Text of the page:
Conclusion Top


We investigate the gut bacterial profile of obese and lean individuals by DGGE. We observed a significant difference in the gut bacterial profile of obese and lean participants. The results of the study revealed that individuals with less BMI having more gut bacteria as compared to individuals with more BMI. These observations indicate that BMI is a contributing factor for the difference in the gut bacterial profile of obese and lean particiants, and that support the role of gut microbiota in obesity. However, large-scale next-generation sequencing-based studies are required to explore the full spectrum of gut microbiota in obese and lean participants in the Indian population.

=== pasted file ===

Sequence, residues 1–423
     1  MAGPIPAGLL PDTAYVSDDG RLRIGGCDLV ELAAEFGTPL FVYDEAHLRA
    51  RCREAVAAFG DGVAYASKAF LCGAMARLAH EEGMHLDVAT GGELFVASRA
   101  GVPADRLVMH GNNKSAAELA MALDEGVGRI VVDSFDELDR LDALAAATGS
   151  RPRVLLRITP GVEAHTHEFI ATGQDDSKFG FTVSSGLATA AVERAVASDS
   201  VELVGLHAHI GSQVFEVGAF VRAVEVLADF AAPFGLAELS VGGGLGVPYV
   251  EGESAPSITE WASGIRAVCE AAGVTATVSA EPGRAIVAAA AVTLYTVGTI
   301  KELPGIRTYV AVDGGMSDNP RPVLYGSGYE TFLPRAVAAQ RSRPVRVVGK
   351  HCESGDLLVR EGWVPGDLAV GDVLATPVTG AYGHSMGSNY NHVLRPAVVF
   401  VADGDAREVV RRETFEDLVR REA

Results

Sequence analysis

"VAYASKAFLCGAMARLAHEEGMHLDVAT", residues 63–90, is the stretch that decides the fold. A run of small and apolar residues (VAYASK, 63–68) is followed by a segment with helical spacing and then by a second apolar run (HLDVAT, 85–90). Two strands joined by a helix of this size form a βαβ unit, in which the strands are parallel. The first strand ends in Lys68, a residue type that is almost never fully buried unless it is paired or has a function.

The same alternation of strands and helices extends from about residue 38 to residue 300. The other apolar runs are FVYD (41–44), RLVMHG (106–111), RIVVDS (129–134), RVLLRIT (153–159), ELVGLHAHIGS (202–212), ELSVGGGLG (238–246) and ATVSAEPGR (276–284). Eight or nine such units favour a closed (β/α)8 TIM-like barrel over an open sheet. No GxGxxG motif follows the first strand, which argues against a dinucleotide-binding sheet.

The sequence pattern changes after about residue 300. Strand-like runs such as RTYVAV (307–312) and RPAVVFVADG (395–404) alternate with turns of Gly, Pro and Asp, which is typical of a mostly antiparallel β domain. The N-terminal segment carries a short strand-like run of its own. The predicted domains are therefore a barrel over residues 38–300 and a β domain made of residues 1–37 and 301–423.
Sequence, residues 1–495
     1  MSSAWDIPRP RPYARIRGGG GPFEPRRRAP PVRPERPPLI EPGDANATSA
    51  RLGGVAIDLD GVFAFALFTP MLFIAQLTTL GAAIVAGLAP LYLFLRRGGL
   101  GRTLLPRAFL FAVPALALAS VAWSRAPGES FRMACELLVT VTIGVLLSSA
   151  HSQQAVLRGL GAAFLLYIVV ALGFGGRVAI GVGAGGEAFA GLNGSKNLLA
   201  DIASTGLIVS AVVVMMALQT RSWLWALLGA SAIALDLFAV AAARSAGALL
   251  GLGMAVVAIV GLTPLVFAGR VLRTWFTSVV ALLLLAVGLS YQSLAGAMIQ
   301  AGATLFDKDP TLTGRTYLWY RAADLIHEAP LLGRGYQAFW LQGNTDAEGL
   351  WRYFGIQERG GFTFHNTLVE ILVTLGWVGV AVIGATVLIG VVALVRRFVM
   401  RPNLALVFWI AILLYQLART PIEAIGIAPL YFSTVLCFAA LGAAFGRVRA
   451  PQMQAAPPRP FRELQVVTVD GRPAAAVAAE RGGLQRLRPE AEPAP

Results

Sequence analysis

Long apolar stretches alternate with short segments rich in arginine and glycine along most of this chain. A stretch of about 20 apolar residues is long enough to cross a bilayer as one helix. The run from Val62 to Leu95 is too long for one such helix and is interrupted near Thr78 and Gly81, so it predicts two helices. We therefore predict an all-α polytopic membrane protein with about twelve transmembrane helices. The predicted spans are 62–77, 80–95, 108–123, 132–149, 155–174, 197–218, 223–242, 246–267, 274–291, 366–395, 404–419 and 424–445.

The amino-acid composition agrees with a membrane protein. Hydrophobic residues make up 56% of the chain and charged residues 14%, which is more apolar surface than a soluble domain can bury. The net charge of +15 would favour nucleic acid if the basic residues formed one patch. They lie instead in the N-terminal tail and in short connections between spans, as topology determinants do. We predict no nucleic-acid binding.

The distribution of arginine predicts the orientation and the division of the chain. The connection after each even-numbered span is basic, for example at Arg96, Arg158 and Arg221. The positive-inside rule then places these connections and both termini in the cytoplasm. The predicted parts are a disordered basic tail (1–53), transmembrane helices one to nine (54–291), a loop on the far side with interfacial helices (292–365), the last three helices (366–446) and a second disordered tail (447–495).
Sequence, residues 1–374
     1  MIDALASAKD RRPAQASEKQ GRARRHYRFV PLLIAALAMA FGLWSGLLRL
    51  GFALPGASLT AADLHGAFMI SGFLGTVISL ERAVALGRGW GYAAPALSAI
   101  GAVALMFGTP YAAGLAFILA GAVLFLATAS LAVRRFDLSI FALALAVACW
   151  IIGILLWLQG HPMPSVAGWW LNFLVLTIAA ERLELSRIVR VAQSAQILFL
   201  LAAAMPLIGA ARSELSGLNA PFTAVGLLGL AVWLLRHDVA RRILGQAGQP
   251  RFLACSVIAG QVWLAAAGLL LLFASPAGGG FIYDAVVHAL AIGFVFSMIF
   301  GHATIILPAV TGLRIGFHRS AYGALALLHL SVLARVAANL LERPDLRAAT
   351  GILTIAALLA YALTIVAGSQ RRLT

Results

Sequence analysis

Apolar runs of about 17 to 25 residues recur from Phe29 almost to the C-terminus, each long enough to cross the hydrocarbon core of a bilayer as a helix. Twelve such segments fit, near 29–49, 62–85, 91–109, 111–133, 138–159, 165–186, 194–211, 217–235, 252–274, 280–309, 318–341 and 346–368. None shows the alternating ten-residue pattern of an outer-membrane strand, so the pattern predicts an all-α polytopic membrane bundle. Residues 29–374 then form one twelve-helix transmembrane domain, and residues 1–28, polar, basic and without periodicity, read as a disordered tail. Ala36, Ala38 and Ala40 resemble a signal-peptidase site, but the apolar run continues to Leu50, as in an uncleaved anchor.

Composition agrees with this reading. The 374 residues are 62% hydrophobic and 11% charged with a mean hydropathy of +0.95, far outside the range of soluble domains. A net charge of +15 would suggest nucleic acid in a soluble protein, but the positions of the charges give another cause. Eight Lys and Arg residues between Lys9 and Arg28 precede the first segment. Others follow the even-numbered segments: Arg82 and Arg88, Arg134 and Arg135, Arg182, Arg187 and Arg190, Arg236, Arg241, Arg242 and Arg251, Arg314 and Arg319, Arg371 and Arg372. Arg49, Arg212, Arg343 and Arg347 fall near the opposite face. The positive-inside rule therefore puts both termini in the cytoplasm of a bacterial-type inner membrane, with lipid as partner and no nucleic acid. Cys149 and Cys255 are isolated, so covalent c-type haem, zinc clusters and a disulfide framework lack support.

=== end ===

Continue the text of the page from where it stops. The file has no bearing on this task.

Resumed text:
Acknowledgments

The authors acknowledged financial support in the form of Senior Research Fellowship (SRF) to Dr. Tej Bahadur by the Indian Council of Medical Research (ICMR) New Delhi, Government of India (ICMR file number 80/686/2011-ECD-1) and Institute fellowship from All India Institute of Medical Sciences (AIIMS), New Delhi.

Financial support and sponsorship

Nil.

Conflicts of interest

There are no conflicts of interest.



 
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  [Figure 1], [Figure 2], [Figure 3], [Figure 4]